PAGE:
18/12/2014 2014/1378 Opinion- Investment-based crowdfunding Opinion PDF
460.92 KB
Crowdfunding is a means of raising finance for projects from ‘the crowd’ often by means of an internet-based platform through which project owners ‘pitch’ their idea to potential backers, who are typically not professional investors.  It takes many forms, not all of which involve the potential for a financial return.  ESMA’s focus is on crowdfunding which involves investment, as distinct from donation, non-monetary reward or loan agreement.  Crowdfunding is relatively young and business models are evolving. EU financial services rules were not designed with the industry in mind. Within investment-based crowdfunding a range of different operational structures are used so it is not straightforward to map crowdfunding platforms’ activities to those regulated under EU legislation. Member States and NCAs have been working out how to treat crowdfunding, with some dealing with issues case-by-case, some seeking to clarify how crowdfunding fits into existing rules and others introducing specific requirements.To assist NCAs and market participants, and to promote regulatory and supervisory convergence, ESMA has assessed typical investment-based crowdfunding business models and how they could evolve, risks typically involved for project owners, investors and the platforms themselves and the likely components of an appropriate regulatory regime. ESMA then prepared a detailed analysis of how the typical business models map across to the existing EU legislation, set out in this document.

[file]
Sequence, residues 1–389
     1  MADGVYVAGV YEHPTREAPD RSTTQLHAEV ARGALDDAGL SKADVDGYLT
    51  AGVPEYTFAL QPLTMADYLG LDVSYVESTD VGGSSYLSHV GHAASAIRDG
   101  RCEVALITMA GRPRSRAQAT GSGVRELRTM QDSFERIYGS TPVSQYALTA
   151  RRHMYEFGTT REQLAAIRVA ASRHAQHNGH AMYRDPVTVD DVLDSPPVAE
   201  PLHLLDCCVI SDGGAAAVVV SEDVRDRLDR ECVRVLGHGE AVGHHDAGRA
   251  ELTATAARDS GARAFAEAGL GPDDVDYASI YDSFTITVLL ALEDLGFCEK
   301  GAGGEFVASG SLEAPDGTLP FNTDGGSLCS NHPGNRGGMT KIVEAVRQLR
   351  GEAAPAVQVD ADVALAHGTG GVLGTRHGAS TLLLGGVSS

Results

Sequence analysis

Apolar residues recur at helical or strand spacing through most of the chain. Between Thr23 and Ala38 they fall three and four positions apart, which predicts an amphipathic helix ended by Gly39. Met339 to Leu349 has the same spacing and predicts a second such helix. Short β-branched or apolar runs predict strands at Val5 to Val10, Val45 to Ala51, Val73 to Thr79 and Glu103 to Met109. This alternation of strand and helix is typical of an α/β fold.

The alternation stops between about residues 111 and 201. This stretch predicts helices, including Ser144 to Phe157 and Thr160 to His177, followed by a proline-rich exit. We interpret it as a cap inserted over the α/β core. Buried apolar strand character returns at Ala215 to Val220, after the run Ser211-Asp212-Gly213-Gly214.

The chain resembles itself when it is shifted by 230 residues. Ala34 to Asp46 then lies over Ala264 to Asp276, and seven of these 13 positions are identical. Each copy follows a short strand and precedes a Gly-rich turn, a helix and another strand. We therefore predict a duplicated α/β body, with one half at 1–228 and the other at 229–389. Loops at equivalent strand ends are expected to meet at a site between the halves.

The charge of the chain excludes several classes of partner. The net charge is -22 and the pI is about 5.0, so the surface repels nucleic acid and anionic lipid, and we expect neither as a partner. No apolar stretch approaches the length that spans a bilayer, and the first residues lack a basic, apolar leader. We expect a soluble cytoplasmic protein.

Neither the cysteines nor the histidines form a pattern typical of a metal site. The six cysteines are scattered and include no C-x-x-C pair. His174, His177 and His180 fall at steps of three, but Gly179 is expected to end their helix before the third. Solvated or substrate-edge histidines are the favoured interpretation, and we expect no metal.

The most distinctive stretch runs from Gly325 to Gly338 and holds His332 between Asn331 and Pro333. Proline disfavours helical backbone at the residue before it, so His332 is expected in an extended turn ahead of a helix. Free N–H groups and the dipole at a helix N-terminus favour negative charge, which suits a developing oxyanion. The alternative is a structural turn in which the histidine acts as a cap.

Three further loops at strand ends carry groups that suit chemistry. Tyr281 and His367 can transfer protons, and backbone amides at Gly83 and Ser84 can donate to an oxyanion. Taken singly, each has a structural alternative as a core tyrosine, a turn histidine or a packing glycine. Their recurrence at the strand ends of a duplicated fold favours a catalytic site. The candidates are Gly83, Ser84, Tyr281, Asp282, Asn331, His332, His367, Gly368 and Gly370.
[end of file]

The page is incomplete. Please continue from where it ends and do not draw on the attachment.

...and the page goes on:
27/03/2014 2014/332 Structured Retail Products- Good practices for product governance arrangements , Opinion PDF
203.1 KB